Thursday, Dec. 3, 2009 | 7:39 p.m.
A liberal advocacy group will go after gold miners’ state tax deductions, in an effort to raise more than $200 million a year for state coffers.
The board of the Progressive Leadership Alliance of Nevada voted last month to pursue a statutory initiative to eliminate most of the deductions that reduce the taxes paid by gold mining companies.
Liberals have argued for years that mining does not pay its fair share in tax — an argument that has gained traction as gold prices have soared to record levels while the state’s general fund has faced massive budget shortfalls.
Bob Fulkerson, executive director of PLAN, said the group decided to go after mining because “that’s where the money is.”
“All the state’s other industries — tourism, gaming — are on the ropes,” he
said. “We have an enormous need in our budget. One industry is recording all-time profits, and that’s the mining industry. Yet they’re paying next to nothing to the general fund.”
The statutory initiative process would require the collection of 97,000 signatures by November. If the initiative were qualified by the secretary of state, the Legislature would have 40 days from the start of the 2011 session to enact the legislation. If the Legislature failed to take action, the initiative would then be placed on the 2012 ballot.
Fulkerson said the group hopes to raise $250,000 to cover legal costs and signature gathering.
Besides paying the payroll, sales and other taxes that other businesses pay, mines pay a “net proceeds of minerals” tax based on the value of the ore, after costs such as extraction, transportation and marketing are deducted.
Tim Crowley, president of the Nevada Mining Association, said it would be foolhardy to rely on one business to fill the state’s shortfall.
“We believe that all businesses need to do their fair share,” Crowley said. “We’ve looked at all the tax studies that have been done, and they’ve all concluded that we need to apply taxes evenly to all business. That’s smart tax policy.”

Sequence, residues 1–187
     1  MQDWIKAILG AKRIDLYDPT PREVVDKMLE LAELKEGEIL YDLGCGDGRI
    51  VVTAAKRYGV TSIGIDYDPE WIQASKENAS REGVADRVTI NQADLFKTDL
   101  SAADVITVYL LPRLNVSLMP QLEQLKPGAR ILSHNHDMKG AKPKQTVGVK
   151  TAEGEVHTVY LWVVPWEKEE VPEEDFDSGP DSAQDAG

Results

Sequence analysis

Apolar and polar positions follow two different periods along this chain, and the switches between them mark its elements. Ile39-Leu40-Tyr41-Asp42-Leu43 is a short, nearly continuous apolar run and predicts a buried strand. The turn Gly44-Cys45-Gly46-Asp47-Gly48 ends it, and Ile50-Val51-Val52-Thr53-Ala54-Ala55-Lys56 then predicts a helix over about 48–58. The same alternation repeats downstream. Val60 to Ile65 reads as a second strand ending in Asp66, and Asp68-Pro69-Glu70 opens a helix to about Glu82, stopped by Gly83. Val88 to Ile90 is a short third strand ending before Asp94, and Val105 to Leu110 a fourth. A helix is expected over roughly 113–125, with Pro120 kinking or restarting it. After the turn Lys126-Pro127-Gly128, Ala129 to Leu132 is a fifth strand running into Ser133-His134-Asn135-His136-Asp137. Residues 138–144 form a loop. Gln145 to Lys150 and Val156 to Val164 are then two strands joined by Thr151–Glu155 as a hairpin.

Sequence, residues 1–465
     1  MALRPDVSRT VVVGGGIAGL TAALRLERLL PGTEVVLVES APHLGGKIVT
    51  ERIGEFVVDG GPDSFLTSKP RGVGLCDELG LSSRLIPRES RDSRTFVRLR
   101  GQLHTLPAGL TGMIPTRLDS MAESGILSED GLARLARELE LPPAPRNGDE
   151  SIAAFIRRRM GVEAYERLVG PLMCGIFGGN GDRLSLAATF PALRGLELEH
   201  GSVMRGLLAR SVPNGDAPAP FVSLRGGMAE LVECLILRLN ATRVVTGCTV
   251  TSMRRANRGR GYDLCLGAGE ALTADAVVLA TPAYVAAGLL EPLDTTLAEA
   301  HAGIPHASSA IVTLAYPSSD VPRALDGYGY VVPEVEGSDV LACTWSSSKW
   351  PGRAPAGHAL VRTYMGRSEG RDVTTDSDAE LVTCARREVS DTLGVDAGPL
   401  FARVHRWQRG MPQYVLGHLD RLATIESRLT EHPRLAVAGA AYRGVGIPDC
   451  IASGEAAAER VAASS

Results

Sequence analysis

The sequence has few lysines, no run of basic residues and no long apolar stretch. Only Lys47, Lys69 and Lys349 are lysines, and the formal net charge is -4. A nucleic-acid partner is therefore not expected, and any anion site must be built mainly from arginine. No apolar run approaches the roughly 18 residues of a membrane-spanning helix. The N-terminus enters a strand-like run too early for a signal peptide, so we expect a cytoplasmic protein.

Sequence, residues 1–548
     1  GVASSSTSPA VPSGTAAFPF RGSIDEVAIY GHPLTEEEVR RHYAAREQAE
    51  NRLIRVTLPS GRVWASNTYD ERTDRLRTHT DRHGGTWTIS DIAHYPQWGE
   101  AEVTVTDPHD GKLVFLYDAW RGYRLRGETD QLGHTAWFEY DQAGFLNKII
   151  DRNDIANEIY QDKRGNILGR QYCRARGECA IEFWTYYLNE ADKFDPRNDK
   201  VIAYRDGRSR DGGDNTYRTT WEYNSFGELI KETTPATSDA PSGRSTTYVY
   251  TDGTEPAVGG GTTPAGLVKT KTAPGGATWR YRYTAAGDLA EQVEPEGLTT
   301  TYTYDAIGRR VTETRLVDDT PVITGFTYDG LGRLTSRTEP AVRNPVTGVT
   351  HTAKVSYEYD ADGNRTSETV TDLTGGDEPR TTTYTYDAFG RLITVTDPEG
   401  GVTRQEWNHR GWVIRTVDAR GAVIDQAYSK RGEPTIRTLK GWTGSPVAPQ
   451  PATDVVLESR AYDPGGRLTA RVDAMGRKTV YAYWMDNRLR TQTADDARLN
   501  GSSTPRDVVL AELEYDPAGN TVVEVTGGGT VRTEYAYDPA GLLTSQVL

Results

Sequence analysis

He noted the 2009 Legislature never considered singling out mining. That sentiment has largely come from PLAN, he said.
Crowley said that he believes it’s illegal to change the deductions that mining companies can take, which are set forth in statute. Changing the deductions would alter the “fair market value” of the ore, artificially changing its value, he said.
Nevada produces about 8 percent of the world’s gold, according to the state
Division of Minerals. It trails only China, South Africa and Australia in production.
In 2008, mining paid $49 million in minerals tax to the state’s general fund, along with $42 million to counties’ coffers. That’s an increase from
2005, when mining paid $19 million to the state and $22 million to counties.
By comparison, the state’s liquor tax brought in $41 million and its cigarette tax generated in $110 million in 2008.
Crowley said that while gold prices are at record levels — $1,200 an ounce — the industry has never been stable, falling prey to boom-and-bust cycles that policy makers say Nevada’s existing tax structure already suffers from.
“It would be symbolic to attack one industry that’s doing well,” he said. “We all know the price of gold is going to drop. It would be hitching your wagon to a buggy that’s going to crash at some point.”
It’s unclear how much legislative appetite their would be to take on mining. Any tax increase requires a two-thirds vote of the Legislature and Republicans in the state Senate have strong ties to rural mining areas.
Also, the lawmakers have hinted they’re interested in pursuing a broader tax structure. Mining, which hires its own small army of lobbyists each session, could be a key ally in rounding up votes to change tax policy.
Still, some lawmakers see mining as a popular target with the public. Assemblywoman Sheila Leslie, D-Reno, and one of the most liberal members of the Legislature, said, “My constituents are constantly asking me why mining isn’t paying their fair share.
“If it’s a choice between raising the mining tax or raising the sales tax, I don’t think it’s a question.”
David McGrath Schwartz can be reached at 775-687-4597 or at [email protected]